What is the Maximum Purchase Price Formula?
The Maximum Purchase Price formula is used to calculate the Maximum Purchase Price you should offer for a property. The formula uses a detailed analysis of all of the project costs including your Repair Costs, Buying Costs, Holding Costs, Selling Costs, & Financing Costs.
The Maximum Purchase Price formula is the most accurate calculation, because it requires you to think about, consider & calculate every single project cost on the project.
Maximum Purchase Price = After Repair Value - Buying Costs - Holding Costs - Selling Costs - Financing Costs - Repair Costs - Profit
Maximum Purchase Price Example
A flipper finds a distressed property that the seller is asking $85,000 in a neighborhood with $200,000 resale values. After performing a detailed analysis of all of the project costs the flipper calculates the following costs:
- Repair Costs = $65,000
- Buying Costs = $2,000
- Holding Costs = $3,750
- Selling Costs = $16,000
- Financing Costs = $7,500
- Desired Profit = $30,000
How much should the flipper offer using the MPP Formula?
Maximum Purchase Price = After Repair Value - Repair Costs - Buying Costs - Holding Costs - Selling Costs - Financing Costs - Profit
Maximum Purchase Price = $200,000 - $65,000 - $2,000 - $3,750 - $16,000 - $7,500 - $30,000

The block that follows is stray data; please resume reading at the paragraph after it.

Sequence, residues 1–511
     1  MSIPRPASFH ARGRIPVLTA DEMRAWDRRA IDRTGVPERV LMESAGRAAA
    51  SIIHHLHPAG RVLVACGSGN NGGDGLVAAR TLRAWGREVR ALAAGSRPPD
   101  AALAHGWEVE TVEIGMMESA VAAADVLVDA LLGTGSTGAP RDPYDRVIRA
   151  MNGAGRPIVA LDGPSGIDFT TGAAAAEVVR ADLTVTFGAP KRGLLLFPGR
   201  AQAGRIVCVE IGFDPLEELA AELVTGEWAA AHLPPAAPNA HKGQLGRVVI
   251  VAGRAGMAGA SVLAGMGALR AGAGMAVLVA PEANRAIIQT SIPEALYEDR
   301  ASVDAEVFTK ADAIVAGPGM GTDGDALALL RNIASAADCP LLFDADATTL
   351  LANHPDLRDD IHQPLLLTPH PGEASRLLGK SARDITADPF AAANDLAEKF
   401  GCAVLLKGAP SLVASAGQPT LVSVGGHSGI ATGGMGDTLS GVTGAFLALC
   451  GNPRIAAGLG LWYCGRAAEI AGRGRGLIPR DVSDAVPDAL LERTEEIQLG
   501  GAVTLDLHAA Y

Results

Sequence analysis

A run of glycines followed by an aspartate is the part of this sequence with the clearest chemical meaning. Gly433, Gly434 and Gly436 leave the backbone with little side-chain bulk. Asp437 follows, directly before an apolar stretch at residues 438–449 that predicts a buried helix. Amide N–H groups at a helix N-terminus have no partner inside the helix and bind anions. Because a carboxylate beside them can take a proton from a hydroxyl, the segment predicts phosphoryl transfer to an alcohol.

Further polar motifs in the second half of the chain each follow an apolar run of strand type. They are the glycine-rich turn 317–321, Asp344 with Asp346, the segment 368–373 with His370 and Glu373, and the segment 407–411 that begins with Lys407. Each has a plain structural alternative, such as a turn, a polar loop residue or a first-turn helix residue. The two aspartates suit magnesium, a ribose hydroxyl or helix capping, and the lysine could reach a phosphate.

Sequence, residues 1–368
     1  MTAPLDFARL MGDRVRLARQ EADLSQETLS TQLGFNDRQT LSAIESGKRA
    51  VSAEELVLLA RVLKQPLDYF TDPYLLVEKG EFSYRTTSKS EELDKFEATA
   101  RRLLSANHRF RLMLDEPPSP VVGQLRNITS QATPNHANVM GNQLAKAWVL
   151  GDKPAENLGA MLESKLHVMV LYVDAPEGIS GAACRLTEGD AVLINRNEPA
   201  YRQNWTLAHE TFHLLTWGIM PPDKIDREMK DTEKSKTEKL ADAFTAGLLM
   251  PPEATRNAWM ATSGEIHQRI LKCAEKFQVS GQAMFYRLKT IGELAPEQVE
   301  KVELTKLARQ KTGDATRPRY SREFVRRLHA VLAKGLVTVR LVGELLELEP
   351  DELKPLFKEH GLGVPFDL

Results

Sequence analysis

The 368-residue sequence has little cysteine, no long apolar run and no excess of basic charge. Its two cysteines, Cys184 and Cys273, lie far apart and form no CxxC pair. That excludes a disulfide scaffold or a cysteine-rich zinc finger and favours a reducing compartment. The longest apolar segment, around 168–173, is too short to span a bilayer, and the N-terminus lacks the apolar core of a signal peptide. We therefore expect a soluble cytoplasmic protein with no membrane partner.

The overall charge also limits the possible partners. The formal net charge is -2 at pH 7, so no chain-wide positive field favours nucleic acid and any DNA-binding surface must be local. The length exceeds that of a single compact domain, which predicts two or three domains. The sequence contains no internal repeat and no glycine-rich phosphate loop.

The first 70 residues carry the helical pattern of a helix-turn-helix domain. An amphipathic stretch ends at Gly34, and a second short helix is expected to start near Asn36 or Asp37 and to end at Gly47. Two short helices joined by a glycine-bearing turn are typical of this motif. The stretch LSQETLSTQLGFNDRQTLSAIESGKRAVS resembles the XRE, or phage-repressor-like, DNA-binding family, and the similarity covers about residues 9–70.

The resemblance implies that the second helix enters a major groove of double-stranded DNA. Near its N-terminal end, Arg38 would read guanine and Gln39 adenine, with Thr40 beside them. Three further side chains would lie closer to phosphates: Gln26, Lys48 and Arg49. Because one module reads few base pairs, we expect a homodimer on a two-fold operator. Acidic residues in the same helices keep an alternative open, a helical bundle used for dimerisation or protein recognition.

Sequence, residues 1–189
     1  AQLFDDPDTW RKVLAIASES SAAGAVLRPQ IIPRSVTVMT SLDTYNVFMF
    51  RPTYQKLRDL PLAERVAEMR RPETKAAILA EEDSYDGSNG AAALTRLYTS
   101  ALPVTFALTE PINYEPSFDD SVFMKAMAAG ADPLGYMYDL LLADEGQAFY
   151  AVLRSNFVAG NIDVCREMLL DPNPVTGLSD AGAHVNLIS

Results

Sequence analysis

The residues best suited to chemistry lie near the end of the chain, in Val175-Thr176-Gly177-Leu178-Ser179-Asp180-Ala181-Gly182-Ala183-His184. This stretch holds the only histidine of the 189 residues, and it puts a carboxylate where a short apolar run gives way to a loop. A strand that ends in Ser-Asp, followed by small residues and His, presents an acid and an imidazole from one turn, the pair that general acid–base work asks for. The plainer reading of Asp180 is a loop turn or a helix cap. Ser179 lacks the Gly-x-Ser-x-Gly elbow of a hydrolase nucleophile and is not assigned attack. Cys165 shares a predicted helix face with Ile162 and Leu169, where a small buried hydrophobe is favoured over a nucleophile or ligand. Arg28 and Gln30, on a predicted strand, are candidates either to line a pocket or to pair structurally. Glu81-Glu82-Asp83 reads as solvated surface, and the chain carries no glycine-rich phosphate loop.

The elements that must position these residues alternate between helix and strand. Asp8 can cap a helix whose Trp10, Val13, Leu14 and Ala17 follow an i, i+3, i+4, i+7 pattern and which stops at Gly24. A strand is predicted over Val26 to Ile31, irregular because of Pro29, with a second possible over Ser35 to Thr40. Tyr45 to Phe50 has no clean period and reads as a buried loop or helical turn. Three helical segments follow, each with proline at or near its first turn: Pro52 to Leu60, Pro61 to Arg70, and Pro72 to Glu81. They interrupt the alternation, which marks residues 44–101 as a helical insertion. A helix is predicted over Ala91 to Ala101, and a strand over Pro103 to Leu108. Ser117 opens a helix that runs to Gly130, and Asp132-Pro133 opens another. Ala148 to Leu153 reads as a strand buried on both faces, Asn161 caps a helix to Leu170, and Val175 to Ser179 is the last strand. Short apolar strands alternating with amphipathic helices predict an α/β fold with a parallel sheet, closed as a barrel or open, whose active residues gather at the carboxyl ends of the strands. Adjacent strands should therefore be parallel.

Maximum Purchase Price = $200,000 - $94,250 - $30,000
Maximum Purchase Price = $75,750
In this scenario, the seller is asking for $85,000 which is $10,000 more than the recommended purchase price of MPP Formula.
Deal Analysis Case Study
Learn how to Analyze a House Flip and Create a Professional Investment Report in less than 5 minutes!
In this Case Study, Dave will walk you through the analysis of an example house flipping deal and provide insight on how you can quickly analyze prospective deals in a matter of minutes.
When should I use the Max Purchase Price Formula vs the 70% Rule Formula?
The 70% Rule Formula
should be used to initially quickly analyze the validity of a deal to see if you should spend more time to fully evaluate the property using the Maximum Purchase Price formula.
If the deal meets your 70% Rule criteria, you can perform a full Maximum Purchase Price analysis to determine the actual purchase price you should offer for the property.Learn more about the 70% Rule
Now that you know how to analyze a flip deal, start finding and analyzing deals in your marketplace. The more you practice, the better you'll get at quickly valuing potential deals.
Notepads/Dirty Used Napkins
If you are the old fashioned pen-and-paper type, a pen and notepad or a used napkin will work just fine...
Good 'ole Trusty Calculator
Listen, there's no crazy calculus involved in calculating your purchase price, so you don't need a fancy 'Scientific Calculator'....you should be able to use any ordinary calculator or phone app to calculate the MPP.
If you are skilled with Microsoft Excel, building your own analysis spreadsheet can help you get a better understanding of the numbers & costs that go into analyzing a deal. Or there are free downloadable House Flipping Spreadsheet templates
you can download to help you get started.
NEXT: FORECASTING THE AFTER REPAIR VALUE
Or of course you can use our Flipper Force house flipping software which is pre-built with a step-by-step house flipping calculator
for analyzing all of the project costs you need to determine the MPP.